Brittany Dog Breed: History, Temperament, Care, Training & more

Brittany Dog Breed Information

Brittany Dog
Level of Energy   
Exercise Needs  
Level of Affection  
Climate Tolerance    
Good With Children    
Tolerance of Animals    
Suitable as Guard Dog     

Brittany Dog – Just The Facts

  • AKC Popularity:  30
  • AKC Breed Group:  Sporting
  • Size of Male:  30-40 lbs., 17.5-20.5 in.
  • Size of Female:  30-40 lbs., 17.5-20.5 in.
  • Color:  Bi- or Tri-Colored Orange or Liver & White
  • Average Lifespan:  12-13 years
  • Breed Origin:  France
  • Purpose:  Pointer, Retriever, Companion

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General Description

The Brittany dog breed is adept in the hunting field and suitable as a wonderful pet or companion. With its origins as a hunting dog, this breed is relatively easy to train and good natured.

This happy dog has an amazing ability to empathize with its owners. A household beset with tension can easily stress out this soft, tailless (or dock-tailed) breed. With the right upbringing and environment, these dogs make wonderful companions for both children and grownups.

Origin and History

Named after a French province, the Brittany emerged from a mating experiment between native French spaniels and English pointing dogs. It possessed the English setters’ enhanced hunting prowess.

However, it also sported a stubbed tail which was not typical for many pointing dogs back in the mid-19th century.

The American Kennel Club officially recognized the breed in 1934 and then decided to omit the label “spaniel” in the early 1980s. The Club’s reason: When you study their hunting style, you’ll notice that it’s more of a setter than a spaniel.

Brittany Dog Temperament

Sweet and playful, these dogs get along well with other animals and children. Since they crave for human companionship, it’s not a good idea to leave them alone inside your home for too long. Their active nature may cause them to accidentally bump into kids and furniture.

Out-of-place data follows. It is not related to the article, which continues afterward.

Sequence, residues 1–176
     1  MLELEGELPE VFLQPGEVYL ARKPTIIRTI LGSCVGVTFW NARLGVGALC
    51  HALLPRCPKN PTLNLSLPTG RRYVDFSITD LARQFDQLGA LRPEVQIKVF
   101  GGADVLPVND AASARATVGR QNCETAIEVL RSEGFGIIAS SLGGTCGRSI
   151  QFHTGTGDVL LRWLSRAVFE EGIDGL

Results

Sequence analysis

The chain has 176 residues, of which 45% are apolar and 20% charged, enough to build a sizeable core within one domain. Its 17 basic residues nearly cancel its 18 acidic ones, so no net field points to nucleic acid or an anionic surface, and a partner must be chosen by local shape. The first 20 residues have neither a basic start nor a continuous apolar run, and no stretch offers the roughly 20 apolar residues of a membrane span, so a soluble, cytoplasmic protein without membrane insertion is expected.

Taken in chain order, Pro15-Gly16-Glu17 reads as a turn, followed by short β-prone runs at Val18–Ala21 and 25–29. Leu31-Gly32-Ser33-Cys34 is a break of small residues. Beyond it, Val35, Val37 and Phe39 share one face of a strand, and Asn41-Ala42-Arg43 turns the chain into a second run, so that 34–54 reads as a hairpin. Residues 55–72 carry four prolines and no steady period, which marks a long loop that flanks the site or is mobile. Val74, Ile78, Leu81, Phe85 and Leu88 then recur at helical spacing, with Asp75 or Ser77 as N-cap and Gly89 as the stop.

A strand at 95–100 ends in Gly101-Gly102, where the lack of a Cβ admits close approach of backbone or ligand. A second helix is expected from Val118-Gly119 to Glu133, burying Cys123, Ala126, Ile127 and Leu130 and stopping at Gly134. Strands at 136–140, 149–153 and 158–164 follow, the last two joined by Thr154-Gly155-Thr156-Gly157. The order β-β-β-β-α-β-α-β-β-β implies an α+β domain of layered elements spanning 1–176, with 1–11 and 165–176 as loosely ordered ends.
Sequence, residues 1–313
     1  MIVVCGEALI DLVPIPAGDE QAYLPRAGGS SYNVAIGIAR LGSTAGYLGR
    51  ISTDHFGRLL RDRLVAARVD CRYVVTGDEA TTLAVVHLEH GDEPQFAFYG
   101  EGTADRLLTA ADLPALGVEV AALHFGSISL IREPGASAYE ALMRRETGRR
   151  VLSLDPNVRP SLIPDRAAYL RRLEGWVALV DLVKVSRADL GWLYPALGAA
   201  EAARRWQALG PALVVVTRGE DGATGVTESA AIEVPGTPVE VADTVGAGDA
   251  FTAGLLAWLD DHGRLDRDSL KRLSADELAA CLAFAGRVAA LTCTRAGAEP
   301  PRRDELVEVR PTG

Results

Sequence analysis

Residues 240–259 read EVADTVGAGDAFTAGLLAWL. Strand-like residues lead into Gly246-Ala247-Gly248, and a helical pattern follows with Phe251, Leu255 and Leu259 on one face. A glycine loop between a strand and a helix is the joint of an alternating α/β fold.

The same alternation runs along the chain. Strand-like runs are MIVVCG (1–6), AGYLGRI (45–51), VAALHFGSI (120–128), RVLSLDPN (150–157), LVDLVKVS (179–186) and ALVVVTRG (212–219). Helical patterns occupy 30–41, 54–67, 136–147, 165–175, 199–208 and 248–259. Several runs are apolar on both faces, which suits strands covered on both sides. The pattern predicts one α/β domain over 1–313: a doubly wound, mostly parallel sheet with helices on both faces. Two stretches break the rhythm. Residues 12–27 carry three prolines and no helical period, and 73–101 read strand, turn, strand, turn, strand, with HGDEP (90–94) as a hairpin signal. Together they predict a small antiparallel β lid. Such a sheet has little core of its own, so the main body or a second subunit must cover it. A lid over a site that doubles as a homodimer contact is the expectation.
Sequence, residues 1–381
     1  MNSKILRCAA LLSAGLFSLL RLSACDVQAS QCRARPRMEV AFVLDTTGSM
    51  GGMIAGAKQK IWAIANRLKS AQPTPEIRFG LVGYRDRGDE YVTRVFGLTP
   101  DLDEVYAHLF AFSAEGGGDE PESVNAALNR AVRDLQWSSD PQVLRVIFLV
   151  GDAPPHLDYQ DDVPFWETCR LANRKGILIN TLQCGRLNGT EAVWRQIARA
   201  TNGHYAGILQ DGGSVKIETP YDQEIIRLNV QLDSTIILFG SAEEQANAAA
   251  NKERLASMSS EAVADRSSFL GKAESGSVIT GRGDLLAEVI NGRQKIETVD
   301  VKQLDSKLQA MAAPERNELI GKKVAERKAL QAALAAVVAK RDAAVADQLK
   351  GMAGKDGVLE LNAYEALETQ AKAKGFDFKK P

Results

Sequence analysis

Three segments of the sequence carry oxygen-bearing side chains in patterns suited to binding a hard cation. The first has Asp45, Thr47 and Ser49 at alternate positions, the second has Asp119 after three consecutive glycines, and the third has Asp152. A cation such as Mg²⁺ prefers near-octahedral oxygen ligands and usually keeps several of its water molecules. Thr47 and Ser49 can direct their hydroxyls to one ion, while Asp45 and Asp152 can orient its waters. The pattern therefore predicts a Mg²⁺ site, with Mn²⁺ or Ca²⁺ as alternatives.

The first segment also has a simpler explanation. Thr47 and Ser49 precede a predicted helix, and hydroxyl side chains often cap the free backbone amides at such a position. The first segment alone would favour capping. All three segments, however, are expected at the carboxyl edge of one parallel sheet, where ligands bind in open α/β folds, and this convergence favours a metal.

Inadequate or late socialization can cause the dog to fear or shy away from strangers. Either way, you should brace yourself for a tirade of floor mopping. The breed has a habit of dribbling urine when frightened or overly excited.

Care, Grooming, Diet & Exercise

Living Environment – A spacious farm house in the countryside is the ideal setting for this energetic dog breed. These dogs requires a lot of legroom to run freely, but a mid-sized yard will do just fine. This is NOT among the best apartment dogs.

Needless to say, a spacious environment is not enough to keep the dog happy. Constant human interaction is necessary as well.

Grooming – It may take some effort to maintain their downy coat. Monthly bathing and bi-weekly brushing are suggested to prevent matting and to remove dead hair. If you are planning to show this dog, then some trimming might be needed too. These dogs are seasonal shedders.

Diet & Exercise – Feeding shouldn?t be hard. It is more tolerant than English Springer Spaniels in terms of carbohydrate intake. For easier digestion, omit corn, wheat and barley from the dog’s high-protein meal. Recommended protein sources include lamb and poultry.

These dogs are hyperactive and they need at least an hour a day to get extremely physical. Vigorous running and outdoor games allow them to showcase their agility and superb hunting skills. You can rarely find a trace of clumsiness in this dog?s moves.

Health – In general, the Brittany dog breed is robust. They rank well in the health department. Still, it is a good idea to monitor your pet’s physical well-being. There are a few reported cases of coronary heart disease, epilepsy and lipfold skin infections associated with the breed.

Brittany Dog Trainability

A sharp admonishment can easily break the dog’s spirit. This intelligent, sweet-natured breed requires a gentle but firm trainer. For the most part, the Brittany dog breed is eager to please and quite easy to train. They won’t disappoint you when it comes to learning tricks for hunting competitions and canine sports.